A minority of the committee brought to the floor their position defending the adopting of an ‘in thesi’ statement, staying that is was needed since there were a number of people and/or institutions that were claiming to uphold the Westminster Standards (i.e. LCQ 17) yet, at the same time, were claiming that Theistic Evolution or views that Adam and Eve were not truly newly created was within the bounds of understanding of the Standards.

When the votes were taken, the assembly voted by a 60-40% margin to approve the Potomac Overture and not make a statement.

While I appreciate the sentiment of the majority report that the PCA already has statements affirming the historicity of Adam, those who believe that there is not a significant group of theistic evolutionists within the PCA are kidding themselves. It was particularly telling that despite the many assurances by those in favor of the majority report one man spoke to say that he believed the minority report went beyond the Scriptures in what it affirmed about Adam. He said that Genesis 2:7 states that God created Adam from the dust, but not how. He thought there should be more latitude in interpretation there.

That is exactly why we need to address the issue of Adam and evolutionary origins.

PCA Seminar Speaker: No Difference Between Adam Specially Created from the Dust and a Hominid Adopted by God and Given a Soul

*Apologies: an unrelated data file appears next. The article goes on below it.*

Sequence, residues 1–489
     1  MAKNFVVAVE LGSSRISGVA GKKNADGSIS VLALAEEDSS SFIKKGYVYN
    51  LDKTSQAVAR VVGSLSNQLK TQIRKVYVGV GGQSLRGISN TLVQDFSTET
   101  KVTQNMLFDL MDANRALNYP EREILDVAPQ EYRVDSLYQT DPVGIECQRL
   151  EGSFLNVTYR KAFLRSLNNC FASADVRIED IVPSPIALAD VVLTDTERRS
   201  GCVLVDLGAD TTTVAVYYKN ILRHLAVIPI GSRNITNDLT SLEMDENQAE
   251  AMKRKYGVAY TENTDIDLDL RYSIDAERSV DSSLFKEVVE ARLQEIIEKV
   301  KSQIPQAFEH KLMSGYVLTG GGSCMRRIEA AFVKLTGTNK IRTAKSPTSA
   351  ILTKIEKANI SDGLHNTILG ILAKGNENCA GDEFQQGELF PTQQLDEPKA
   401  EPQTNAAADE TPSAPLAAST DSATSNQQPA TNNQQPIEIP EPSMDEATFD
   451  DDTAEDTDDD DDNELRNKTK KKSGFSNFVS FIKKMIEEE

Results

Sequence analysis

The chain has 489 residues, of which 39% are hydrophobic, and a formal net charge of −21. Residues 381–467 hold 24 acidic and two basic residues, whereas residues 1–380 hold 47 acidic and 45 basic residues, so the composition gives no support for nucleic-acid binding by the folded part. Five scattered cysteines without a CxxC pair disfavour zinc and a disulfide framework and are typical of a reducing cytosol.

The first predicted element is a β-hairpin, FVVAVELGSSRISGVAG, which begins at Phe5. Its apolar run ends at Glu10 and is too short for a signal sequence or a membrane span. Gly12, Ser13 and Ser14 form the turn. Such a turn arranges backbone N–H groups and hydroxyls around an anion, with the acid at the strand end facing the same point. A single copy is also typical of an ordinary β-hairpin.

This morning at the 40th General Assembly of the PCA, Dr. Gregg Davidson gave a seminar on the age of the earth. Thanks to a couple of my friends who were able to be there, I have had the opportunity to listen to what Dr. Davidson had to say. According to some who were there, the seminar was full, and Dr. Davidson seemed a little nervous.

Dr. Ligon Duncan opened the session by discussing the Creation Study Report and the boundaries that were set in that report. While the report allows for a diversity of opinions on the meaning of the creation days, some issues, like the special and direct creation of Adam, are considered of “vital importance to our Reformed testimony.”

After this introduction, Dr. Davidson began by explaining that Dr. Ken Wolgemuth was not able to attend because he had been called away by his job to Saudi Arabia. Dr. Davidson laughed and said that Dr. Wolgemuth’s schedule changed before the issue of the seminar “went nuclear” on the blogosphere. He went on to promise that nothing that he said would be outside the boundaries set by the Creation Study Report. He also reminded everyone that the scope of the seminar was the age of the earth and not evolution. Anyone who was interested in his views on evolution were directed to his book, When Faith and Science Collide.

Before Dr. Davidson got into explaining the scientific evidence for an old earth, he took a few minutes to lay out his own Christian beliefs, including the inerrancy of Scripture and the death and resurrection of Christ. He was careful to emphasize his belief in an historical Adam and Eve and the doctrine of original sin.

The majority of his presentation was very similar to the material that he lays out in his book. He stated his belief that science can be useful in deciding between two plausible interpretations of Scripture. He gave the example of Galileo and whether the sun orbits the earth or the earth orbits the sun. This was an example of a time that the increasing evidence of science helped to show which interpretation of Scripture was best.